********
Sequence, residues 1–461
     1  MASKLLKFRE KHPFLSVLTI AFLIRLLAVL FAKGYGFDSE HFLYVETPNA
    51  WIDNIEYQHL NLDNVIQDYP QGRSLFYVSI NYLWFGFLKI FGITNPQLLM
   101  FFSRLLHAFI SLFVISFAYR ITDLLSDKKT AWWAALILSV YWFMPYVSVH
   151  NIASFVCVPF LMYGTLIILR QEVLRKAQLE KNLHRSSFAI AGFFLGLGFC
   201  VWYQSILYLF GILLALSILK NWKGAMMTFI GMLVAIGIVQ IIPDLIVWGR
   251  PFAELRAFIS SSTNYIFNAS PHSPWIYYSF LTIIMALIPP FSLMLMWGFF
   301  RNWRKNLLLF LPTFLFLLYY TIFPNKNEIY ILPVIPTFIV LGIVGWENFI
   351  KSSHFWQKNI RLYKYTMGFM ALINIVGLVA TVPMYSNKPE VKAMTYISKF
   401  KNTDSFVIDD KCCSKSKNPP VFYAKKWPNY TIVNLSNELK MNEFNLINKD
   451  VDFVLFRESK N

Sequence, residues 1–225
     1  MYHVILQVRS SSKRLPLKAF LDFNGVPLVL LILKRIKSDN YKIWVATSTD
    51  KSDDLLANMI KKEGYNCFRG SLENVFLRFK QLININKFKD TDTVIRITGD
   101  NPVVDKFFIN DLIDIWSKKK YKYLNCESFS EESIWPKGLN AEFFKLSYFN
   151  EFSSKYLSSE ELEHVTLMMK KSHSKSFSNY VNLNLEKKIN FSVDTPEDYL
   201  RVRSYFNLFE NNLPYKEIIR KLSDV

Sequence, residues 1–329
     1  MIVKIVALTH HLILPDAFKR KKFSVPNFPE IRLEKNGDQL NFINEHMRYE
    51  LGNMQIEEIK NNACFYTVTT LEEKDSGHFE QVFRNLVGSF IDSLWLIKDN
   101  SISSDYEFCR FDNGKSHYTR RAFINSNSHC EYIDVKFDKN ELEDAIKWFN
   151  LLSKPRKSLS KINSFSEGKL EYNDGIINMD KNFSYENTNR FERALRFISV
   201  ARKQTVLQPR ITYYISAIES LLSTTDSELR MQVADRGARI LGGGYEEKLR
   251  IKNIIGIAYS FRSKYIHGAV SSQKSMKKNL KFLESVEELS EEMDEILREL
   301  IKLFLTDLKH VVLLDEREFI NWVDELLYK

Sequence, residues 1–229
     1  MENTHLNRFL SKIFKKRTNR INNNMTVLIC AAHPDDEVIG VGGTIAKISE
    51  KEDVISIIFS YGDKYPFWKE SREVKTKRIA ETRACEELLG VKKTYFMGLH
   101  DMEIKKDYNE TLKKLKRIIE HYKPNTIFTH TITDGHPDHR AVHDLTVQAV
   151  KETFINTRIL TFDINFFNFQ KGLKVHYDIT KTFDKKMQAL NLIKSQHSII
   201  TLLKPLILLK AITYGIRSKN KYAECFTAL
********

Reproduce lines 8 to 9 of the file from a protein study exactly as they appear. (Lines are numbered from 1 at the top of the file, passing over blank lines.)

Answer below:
   301  RNWRKNLLLF LPTFLFLLYY TIFPNKNEIY ILPVIPTFIV LGIVGWENFI
   351  KSSHFWQKNI RLYKYTMGFM ALINIVGLVA TVPMYSNKPE VKAMTYISKF